Data from: Experimental evolution to increase the efficacy of the entomopathogenic fungus Beauveria bassiana against malaria mosquitoes: effects on mycelial growth and virulence
Valero Jimenez, C.A. ; Kan, J.A.L. van; Koenraadt, C.J.M. ; Zwaan, B.J. ; Schoustra, S.E. - \ 2016
experimental evolution - biocontrol - malaria
Entomopathogenic fungi such as Beauveria bassiana are currently considered as a potential control agent for malaria mosquitoes. The success of such strategies depends among others on the efficacy of the fungus to kill its hosts. As B. bassiana can use various resources for growth and reproduction, increasing the dependency on mosquitoes as a nutritional source may be instrumental for reaching this goal. Passage of entomopathogenic fungi through an insect host has been shown to increase its virulence. We evaluated the virulence, fungal outgrowth, mycelial growth rate, and sporulation rate of two B. bassiana isolates (Bb1520 and Bb8028) that underwent 10 consecutive selection cycles through malaria mosquitoes (Anopheles coluzzii) using an experimental evolution approach. This cycling resulted in an altered capacity of evolved B. Bassiana lineages to grow on different substrates while maintaining the ability to kill insects. Notably, however, there were no significant changes in virulence or speed of outgrowth when comparing the evolved lineages against their un-evolved ancestors. These results suggest that fungal growth and sporulation evolved through successive and exclusive use of an insect host as a nutritional resource. We discuss the results in the light of biocontrol and provide suggestions to increase fungal virulence.
Beauveria bassiana Genome sequencing and assembly
Valero Jimenez, C.A. ; Faino, L. ; Spring in 'T Veld, Daphne ; Smit, S. ; Zwaan, B.J. ; Kan, J.A.L. van - \ 2016
Beauveria bassiana - PRJNA260878
The virulence of the entompathogenic fungus, Beauveria bassiana, is being studied by comparative genomics of five isolates.
Comparative genomics of Beauveria bassiana : Uncovering signatures of virulence against mosquitoes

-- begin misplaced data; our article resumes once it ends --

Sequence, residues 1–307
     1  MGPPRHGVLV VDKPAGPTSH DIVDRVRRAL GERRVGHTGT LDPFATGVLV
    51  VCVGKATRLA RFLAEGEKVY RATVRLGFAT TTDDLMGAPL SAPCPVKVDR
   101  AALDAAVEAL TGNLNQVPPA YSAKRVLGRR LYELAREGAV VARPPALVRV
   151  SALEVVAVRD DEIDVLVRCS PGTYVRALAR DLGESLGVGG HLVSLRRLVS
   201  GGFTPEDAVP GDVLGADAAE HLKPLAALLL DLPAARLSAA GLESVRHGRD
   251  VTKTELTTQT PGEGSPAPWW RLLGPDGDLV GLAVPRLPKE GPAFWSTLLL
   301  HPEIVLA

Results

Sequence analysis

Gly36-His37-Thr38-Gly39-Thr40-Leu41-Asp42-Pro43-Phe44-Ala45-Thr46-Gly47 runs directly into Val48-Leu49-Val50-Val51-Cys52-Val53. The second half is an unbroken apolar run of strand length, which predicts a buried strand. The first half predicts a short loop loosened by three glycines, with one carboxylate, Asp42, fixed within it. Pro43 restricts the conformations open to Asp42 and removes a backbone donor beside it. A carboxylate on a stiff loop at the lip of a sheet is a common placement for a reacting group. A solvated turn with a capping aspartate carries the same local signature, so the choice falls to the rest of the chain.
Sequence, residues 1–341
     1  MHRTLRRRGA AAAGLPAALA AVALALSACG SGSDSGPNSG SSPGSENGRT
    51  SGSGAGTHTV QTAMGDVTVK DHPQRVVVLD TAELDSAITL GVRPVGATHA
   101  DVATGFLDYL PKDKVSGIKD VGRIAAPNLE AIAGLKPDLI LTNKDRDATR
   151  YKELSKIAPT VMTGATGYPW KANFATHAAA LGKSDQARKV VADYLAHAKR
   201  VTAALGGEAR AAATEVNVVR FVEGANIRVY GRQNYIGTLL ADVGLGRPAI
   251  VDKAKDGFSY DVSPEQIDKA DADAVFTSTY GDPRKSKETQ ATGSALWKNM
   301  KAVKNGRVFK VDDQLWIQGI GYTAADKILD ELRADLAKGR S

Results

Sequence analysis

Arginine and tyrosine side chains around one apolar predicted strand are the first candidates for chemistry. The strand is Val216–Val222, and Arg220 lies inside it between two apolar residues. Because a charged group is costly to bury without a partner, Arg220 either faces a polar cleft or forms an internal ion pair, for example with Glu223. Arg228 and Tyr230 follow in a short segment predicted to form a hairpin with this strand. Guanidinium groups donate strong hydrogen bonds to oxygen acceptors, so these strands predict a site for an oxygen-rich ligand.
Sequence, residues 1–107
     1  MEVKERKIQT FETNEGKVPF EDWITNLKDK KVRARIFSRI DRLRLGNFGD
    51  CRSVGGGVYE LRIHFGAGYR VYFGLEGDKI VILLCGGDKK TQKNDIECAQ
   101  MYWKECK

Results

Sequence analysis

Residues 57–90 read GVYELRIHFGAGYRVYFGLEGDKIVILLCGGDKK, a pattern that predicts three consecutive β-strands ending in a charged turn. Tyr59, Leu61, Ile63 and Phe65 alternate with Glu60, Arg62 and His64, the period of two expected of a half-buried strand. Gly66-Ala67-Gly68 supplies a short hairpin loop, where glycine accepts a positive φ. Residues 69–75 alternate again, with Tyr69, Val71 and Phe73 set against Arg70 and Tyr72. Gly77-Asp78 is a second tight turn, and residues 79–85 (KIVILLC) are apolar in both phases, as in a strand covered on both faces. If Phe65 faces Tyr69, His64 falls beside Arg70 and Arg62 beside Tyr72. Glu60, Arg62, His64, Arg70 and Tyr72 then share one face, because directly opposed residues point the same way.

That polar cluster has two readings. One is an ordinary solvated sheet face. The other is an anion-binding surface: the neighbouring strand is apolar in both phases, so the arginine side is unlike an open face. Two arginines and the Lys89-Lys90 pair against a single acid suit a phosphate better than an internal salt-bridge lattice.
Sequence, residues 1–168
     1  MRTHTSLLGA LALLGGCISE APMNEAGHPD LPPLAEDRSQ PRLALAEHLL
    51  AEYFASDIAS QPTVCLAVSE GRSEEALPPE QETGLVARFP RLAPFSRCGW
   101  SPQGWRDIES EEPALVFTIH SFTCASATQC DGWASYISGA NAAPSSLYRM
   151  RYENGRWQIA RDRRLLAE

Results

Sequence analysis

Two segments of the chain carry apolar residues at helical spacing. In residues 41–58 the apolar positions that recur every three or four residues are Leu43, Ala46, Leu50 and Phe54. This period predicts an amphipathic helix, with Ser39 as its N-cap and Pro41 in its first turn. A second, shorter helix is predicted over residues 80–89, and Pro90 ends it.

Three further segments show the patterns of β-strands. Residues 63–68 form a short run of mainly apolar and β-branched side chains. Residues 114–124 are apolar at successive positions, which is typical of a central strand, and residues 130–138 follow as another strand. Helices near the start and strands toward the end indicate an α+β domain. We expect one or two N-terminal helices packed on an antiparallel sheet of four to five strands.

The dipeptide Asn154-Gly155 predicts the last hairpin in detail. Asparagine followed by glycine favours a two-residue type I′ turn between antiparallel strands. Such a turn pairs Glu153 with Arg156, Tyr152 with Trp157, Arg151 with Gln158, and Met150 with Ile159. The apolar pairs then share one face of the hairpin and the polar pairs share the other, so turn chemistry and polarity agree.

Valero-Jiménez, Claudio A. ; Faino, Luigi ; Spring in 'T Veld, Daphne ; Smit, Sandra ; Zwaan, Bas J. ; Kan, Jan A.L. van - \ 2016
BMC Genomics 17 (2016). - ISSN 1471-2164
Beauveria bassiana - Comparative genomics - Genome sequencing - Virulence
Background: Entomopathogenic fungi such as Beauveria bassiana are promising biological agents for control of malaria mosquitoes. Indeed, infection with B. bassiana reduces the lifespan of mosquitoes in the laboratory and in the field. Natural isolates of B. bassiana show up to 10-fold differences in virulence between the most and the least virulent isolate. In this study, we sequenced the genomes of five isolates representing the extremes of low/high virulence and three RNA libraries, and applied a genome comparison approach to uncover genetic mechanisms underpinning virulence. Results: A high-quality, near-complete genome assembly was achieved for the highly virulent isolate Bb8028, which was compared to the assemblies of the four other isolates. Whole genome analysis showed a high level of genetic diversity between the five isolates (2.85-16.8 SNPs/kb), which grouped into two distinct phylogenetic clusters. Mating type gene analysis revealed the presence of either the MAT1-1-1 or the MAT1-2-1 gene. Moreover, a putative new MAT gene (MAT1-2-8) was detected in the MAT1-2 locus. Comparative genome analysis revealed that Bb8028 contains 163 genes exclusive for this isolate. These unique genes have a tendency to cluster in the genome and to be often located near the telomeres. Among the genes unique to Bb8028 are a Non-Ribosomal Peptide Synthetase (NRPS) secondary metabolite gene cluster, a polyketide synthase (PKS) gene, and five genes with homology to bacterial toxins. A survey of candidate virulence genes for B. bassiana is presented. Conclusions: Our results indicate several genes and molecular processes that may underpin virulence towards mosquitoes. Thus, the genome sequences of five isolates of B. bassiana provide a better understanding of the natural variation in virulence and will offer a major resource for future research on this important biological control agent.